Blitz2006

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Just wondering, because I came across some discussions on patients that were on Cymbalta/Effexor, and due to no efficacy, was decided to be switched to a SSRI. Also pain docs who want to switch a patient off SNRI...

But as we know, at higher doses of Effexor (>100 mg), less serotonin reuptake, and more on the Norepi reuptake.

So if you do a cross-taper, e.g, tapering at 225 mg Effexor, starting 20 mg Prozac, is there a heightened risk of serotonin syndrome? Should you first taper off the SNRI before starting the SSRI, or is that too conservative?

Can you get serotonin syndrome from re-uptaking Serotonin AND norepinephrine, or is it just serotonin (yes, I know, stupid question!)

Thanks,
 

st2205

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Too conservative. People tend to handle multiple serotonergic agents fairly decently (certainly not advocating that, just observing), that I'm not really worried about two agents or a temporary cross taper. I think, for however common SS is, that it's overcalled because medicine's internal conflict and anxiety with accepting or realizing there are some things we don't know or don't have an answer to/for. Most any time I've seen a primary team considering SS, it's a huge stretch when they're distressed and can't think of/find anything else. But I digress.

With Effexor, the much more real problem you're going to have is withdrawal syndrome, and starting that other SSRI/SNRI would be more important. Plus the psychological stress and anxiety a patient experiences when they believe "the treatment is being reduced and my depression/anxiety/marriage/self-esteem/suicidal thoughts/anger/whatever is going to go through the roof if I don't get something else on board!!!"
 
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Blitz2006

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Too conservative. People tend to handle multiple serotonergic agents fairly decently (certainly not advocating that, just observing), that I'm not really worried about two agents or a temporary cross taper. I think, for however common SS is, that it's overcalled because medicine's internal conflict and anxiety with accepting or realizing there are some things we don't know or don't have an answer to/for. Most any time I've seen a primary team considering SS, it's a huge stretch when they're distressed and can't think of/find anything else. But I digress.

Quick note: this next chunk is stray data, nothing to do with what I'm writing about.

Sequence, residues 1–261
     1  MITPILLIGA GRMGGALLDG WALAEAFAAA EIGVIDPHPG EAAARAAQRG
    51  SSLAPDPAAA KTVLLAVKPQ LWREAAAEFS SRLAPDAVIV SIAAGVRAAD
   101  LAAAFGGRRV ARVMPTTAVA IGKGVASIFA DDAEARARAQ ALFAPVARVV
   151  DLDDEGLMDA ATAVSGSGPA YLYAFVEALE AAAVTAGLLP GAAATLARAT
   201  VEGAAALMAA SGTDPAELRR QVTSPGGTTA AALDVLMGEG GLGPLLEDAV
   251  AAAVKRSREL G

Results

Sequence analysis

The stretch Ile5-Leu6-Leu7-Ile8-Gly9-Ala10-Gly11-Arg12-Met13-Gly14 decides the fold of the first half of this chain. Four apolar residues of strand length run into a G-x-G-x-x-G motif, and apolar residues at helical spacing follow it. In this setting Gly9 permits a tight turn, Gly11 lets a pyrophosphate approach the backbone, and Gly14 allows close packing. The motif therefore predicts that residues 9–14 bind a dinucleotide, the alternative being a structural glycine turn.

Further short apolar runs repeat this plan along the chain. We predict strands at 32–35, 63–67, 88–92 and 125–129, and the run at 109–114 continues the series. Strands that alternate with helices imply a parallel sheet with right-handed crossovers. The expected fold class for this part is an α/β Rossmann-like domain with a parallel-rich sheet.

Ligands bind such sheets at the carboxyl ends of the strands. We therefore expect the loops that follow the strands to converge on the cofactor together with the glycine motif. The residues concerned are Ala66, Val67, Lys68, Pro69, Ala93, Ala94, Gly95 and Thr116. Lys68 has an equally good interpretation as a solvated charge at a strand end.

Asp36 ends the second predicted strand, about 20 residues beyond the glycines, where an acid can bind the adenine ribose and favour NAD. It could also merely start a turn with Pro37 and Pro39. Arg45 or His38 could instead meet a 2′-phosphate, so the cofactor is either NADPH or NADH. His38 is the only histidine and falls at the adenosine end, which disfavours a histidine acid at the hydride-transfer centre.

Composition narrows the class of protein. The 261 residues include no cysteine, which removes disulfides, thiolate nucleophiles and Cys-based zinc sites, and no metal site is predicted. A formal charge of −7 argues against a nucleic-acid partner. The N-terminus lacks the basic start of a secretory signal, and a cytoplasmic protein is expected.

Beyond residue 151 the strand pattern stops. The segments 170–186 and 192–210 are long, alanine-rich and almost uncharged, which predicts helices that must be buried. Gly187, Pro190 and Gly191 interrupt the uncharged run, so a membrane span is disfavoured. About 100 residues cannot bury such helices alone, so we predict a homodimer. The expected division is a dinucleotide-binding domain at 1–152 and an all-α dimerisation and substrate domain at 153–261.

With Effexor, the much more real problem you're going to have is withdrawal syndrome, and starting that other SSRI/SNRI would be more important. Plus the psychological stress and anxiety a patient experiences when they believe "the treatment is being reduced and my depression/anxiety/marriage/self-esteem/suicidal thoughts/anger/whatever is going to go through the roof if I don't get something else on board!!!"
Thanks!

But surely you don't recommend SSRI + SNRI for maintenance depression treatment, correct?

I tend to use STAR-D algorithm when I treat patients for MDD...
 
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st2205

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Thanks!

But surely you don't recommend SSRI + SNRI for maintenance depression treatment, correct?

I tend to use STAR-D algorithm when I treat patients for MDD...
No. I once had an attending (worst attending I've ever had, BTW), debate (ok, debate is being generous) with me about whether or not an SSRI + SNRI was "California rocket fuel." Also the same guy who believed if there wasn't an FDA indication for something, then it doesn't work (and the patient is lying [i.e. hydroxyzone for sleep]). Again I digress but there were so many stupid things in residency.